CHENNAI: When it comes to saving a person who has been hit by a stroke, it’s not what is done that matters, it’s how soon it’s done that really makes the difference. Stroke specialists and neurosurgeons have been talking about India’s massive stroke burden for years now, but precious little has been done to improve the skills and diagnostic alertness of people across sectors to spot signs of a stroke.
Most commonly, strokes tend to express themselves with Transient Ischemic Attacks, with facial contractions, paralysis on one side or more and even convulsions and slurring of speech. When any of these signs are spotted, the clock begins to tick, because it means that there is a block in the blood supply to the brain — every minute that passes, a small part of the brain is being deprived of the amount of blood supply needed.
If it is diagnosed as stroke by anyone from the EMT in the ambulance to the General Physician that you are taken to, then thrombolysing drugs will be administered to burst the clot and assist the brain supply to return to normal. However, the largest issue that clinicians are facing is that people come in hours, days and even weeks after they have suffered strokes and hope for a miracle.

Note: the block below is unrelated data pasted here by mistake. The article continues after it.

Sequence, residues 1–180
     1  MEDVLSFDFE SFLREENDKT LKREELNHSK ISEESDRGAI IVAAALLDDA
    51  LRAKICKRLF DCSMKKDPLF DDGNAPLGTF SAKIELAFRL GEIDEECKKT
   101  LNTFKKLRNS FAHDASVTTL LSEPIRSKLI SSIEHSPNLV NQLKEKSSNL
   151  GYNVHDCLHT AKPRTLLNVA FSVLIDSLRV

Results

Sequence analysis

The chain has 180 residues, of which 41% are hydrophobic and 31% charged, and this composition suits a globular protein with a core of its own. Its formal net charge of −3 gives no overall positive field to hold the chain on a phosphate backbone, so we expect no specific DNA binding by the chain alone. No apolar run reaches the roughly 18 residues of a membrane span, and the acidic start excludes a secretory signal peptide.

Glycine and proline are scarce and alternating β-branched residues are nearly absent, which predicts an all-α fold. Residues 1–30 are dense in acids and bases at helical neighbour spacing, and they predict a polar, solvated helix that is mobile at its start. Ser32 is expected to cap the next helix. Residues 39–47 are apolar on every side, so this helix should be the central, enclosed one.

To counter this, the Indian Stroke Association is planning to set up a Mentorship Programme for clinicians, surgeons, paramedics and health workers in a bid to get people to identify its incidence quicker. And obviously, respond a whole lot faster. Talking about how much ground needed to be covered with stroke prevention across Indian, Dr Dheeraj Khurana, president of the Indian Stroke Association said that this would assist in the quick identification of stroke and then there was an option of treating them quickly to avoid permanent damage. “This mentorship programme will be of great benefit,” he said.
Speaking at the launch of the Fortis Stroke Centre, which will be run by the hospital’s Head of Neurology and Epilepsology, Dr Dinesh Nayak S, Dr Khurana also spoke about how they were planning to scale up the teleconference link to diagnose strokes. This would include mapping centres of excellence with smaller hospitals and PHCs such that referrals would be made via a live video conferencing. “At the moment, images are being shared via streams like Whatsapp, but if we can establish a video conference link then treatment modalities will be much faster,” he added.